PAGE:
I decided to write this post after noticing my tween aged daughter sharing her location on Instagram. My immediate reaction was OMG, she should know better!!!
But should she?! I never spoke with her about it. I thought she was too young.
Well, I was wrong. The second she went online we should have had that talk. But let me back up.
Apparently every photo we take has all the information of where we took it. Yes, those photos with the smiling faces of your angels have location data embedded in them — at least by default. The name for it is Geotagging.
Geotagging, by definition, is a way of embedding location information into photos or posts made through social media sites, providing the exact coordinates of where a photo was snapped or a post was made (within 10 to 15 feet depending on the accuracy of your GPS chip).
Many smartphones come with the geotagging feature set to ‘on’ as the default, and many social media sites will geotag your location with every post if you don’t turn that feature off.
That means anyone who views your picture online can access that information with a few simple clicks and find exactly where is it that your kids ride their bikes, play in the playground, or even go to school.
Furthermore, without even knowing it, your child could be broadcasting their physical location to the virtual world with every photo they share.
I praise Facebook for stripping that information, and it will not show unless you “check in” at a location, and the problem begin at the “check in”.
I may be the mom who overthink and over protect my kids online, maybe it’s because I live it and I came across too many bad guys working in the field I’m in, I admit it, but this is serious. Bear with me here and I’ll try and explain why…
I am sure you would never broadcast your home address online, or share to the world you are leaving your house for a long period of time. Sharing where your kids are is no different.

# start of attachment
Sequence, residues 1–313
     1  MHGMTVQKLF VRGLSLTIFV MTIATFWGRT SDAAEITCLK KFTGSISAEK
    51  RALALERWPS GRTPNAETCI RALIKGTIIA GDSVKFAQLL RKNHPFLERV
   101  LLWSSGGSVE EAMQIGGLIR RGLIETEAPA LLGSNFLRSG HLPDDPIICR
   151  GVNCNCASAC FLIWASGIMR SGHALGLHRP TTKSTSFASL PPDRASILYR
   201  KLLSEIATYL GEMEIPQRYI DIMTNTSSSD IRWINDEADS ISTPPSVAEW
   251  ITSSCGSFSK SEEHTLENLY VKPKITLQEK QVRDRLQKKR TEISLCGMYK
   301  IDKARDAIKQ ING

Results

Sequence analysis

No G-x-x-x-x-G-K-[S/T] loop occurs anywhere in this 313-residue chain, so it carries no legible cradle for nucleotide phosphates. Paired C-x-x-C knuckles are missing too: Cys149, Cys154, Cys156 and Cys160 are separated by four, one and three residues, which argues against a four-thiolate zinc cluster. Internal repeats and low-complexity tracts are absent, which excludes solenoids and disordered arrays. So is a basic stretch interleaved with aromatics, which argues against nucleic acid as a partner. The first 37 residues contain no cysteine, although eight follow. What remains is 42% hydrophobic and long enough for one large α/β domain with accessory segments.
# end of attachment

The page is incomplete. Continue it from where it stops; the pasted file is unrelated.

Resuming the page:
You may not think it’s a big deal when your child broadcast to their friends they location, but unfortunately there are predators out there. And you don’t want to make it any easier for them to locate your children, and stalk them.
Let’s assume you share a picture of your daughter on social media. In the photo, she is at home opening a birthday gift. 50 out of your 500 friends like and comment on the photo. This simple action can provide an online predator with information about where she lives, how old she is, name of her parents (you) and what she likes. You have to admit, that’s a lot of valuable information.
In 2002, a 13 year girl named Alicia Kozakiewicz was abducted by an online predator she met on Yahoo chat. With the help of the FBI, she managed to escape, but not before she was taken interstate, assaulted, filmed and held in captivity. After her miraculous rescue, she launched “The Alicia Project” to prevent children from being abducted and to support children who have.
Alicia’s story should be our wake up call.
Predators come in all shapes or forms.
One can create a fake account in order to connect with our children. They will need to know where your kid live and hang out to make sure they have common grounds. To start a conversation and gain their trust.
By posting those photos you just made it easier for them.
Last year, the French police warned parents that photos of their kids shared online could violate privacy laws and attract sexual predators, as they realized it’s a big deal.
You may want to hide this information before sharing sensitive photos online.
Avoid checking into locations where your child hangs frequently (for example home or school).
When friends take photos of your children, kindly remind them to do the same before publishing these photos online. You cannot control their privacy settings and you don’t know who they are friends with.
Last tip, and the most important one, is to talk to your kids. Explain to them about the importance of not sharing their location and not every person they meet online is a friend.
Warm them about talking to people the don’t know online, never agree to meet those people or send them photos.
Let them know, no matter what, if they are not sure what to do to speak with you or a trusted adult.
As I said, I decided to write this post after noticing my teen daughter sharing her location on Instagram. I follow her on all social media channels and constantly speak to here about the types of photos she can share. As I know she wasn’t aware of why she shouldn’t share her location we also together disabled geotagging.
Now she knows but you should know too.
More safety tips by Alicia can be found here.